Now I’m close to completing my Blackwatertown story, brows around me are furrowing again. While I’m worrying if anyone will publish/read/enjoy the book, others are dreading adverse reactions. Will publication dredge up old resentments? How far might critics, especially the hearsay merchants, go to express their disdain? What might be the practical consequences? Who might be vulnerable?

When people pass on warnings to me, I do take them seriously. But living life head down, shoulder hunched is a waste. So, publishers permitting, the book carries on.

And to any critics tempted to vent their criticism in an extreme fashion. Please at least buy a copy of Blackwatertown when it comes out, before you do something unpleasant. It’s only fair.

Ireland - Not Worth Invading, Honest... This map comes from the incomparable Strange Maps website. The map title is "Cautious Cartography". Apparently it appeared in the August 1940 issue of the Irish satirical magazine Dublin Opinion. According to Strange Maps: The map purports to portray Ireland in as unappealing a perspective as possible. The text accompanying the map explains how cartography may be at least partly to blame for Europe’s misfortune: " Feeling that the present unrest in Europe may have been largely caused by the well-intended, but highly mistaken policy pursued by countries of boasting about their natural advantages and attractions, a policy which has had the not unnatural result of exciting the cupidity of other countries, our Grangegorman Cartographer has designed the above map of Ireland, which is calculated to discourage the inhabitants, much less strangers. The trouble is, he feels, that, even as depicted, the country still looks more attractive than the rest of Europe." Well, yes, that'll be World War Two, Southern Ireland remained neutral during the conflict, managing to avoid invasion by either Britain or Germany, (though many volunteered to serve in the Allied forces). NB: Obviously it's all lovely in Ireland these days. Come and invest, why don't you?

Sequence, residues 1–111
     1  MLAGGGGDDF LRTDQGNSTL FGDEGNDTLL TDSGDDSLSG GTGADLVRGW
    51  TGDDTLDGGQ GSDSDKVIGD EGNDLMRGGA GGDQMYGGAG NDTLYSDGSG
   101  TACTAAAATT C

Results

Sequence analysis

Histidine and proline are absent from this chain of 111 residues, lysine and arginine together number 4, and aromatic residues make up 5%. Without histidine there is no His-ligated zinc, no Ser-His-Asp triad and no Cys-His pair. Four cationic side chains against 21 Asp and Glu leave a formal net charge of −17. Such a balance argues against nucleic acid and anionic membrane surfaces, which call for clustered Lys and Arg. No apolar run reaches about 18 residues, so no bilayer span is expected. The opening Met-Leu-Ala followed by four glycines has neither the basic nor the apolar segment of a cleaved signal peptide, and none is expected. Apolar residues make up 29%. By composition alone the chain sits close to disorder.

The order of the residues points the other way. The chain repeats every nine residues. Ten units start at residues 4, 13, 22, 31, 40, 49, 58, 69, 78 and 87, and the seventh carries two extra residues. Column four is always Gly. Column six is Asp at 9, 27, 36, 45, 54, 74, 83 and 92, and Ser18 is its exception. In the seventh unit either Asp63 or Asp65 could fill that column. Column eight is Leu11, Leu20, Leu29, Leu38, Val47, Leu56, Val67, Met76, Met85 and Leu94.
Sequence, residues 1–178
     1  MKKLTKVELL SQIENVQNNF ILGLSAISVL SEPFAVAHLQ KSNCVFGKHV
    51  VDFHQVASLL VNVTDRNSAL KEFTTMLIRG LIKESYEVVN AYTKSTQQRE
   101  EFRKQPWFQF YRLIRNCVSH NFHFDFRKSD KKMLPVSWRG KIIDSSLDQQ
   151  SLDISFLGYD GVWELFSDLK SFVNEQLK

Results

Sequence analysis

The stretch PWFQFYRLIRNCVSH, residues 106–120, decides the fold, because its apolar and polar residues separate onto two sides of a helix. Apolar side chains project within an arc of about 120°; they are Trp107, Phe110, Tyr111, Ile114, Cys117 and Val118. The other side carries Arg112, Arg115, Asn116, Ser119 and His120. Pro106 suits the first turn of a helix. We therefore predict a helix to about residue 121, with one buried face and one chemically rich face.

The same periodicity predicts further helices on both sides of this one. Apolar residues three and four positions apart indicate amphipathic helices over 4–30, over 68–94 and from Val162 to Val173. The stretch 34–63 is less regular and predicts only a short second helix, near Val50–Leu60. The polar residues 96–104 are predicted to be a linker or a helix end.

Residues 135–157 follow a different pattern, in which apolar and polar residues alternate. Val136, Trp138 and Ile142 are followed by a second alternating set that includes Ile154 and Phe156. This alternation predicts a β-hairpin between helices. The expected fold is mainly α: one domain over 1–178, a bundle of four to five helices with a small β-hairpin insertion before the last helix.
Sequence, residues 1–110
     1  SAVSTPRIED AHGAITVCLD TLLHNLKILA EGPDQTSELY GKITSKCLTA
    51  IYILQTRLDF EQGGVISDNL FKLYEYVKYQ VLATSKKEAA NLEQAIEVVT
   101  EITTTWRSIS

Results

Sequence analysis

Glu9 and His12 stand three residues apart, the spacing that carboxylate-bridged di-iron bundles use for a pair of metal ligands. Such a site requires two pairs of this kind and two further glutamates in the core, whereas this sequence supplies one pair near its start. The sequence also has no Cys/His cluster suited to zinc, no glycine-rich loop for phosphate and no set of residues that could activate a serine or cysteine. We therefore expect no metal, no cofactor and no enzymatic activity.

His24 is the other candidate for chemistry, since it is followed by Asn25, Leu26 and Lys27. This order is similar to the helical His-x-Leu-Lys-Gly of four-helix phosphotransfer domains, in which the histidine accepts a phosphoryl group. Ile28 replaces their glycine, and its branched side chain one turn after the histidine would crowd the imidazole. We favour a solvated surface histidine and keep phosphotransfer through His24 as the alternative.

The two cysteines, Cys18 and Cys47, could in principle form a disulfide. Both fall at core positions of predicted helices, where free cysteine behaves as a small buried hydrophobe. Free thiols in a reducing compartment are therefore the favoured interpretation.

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Oi! No smirking at the back there.

RUC Hastings Street garrison, Brickfields district, Belfast. 1923/24.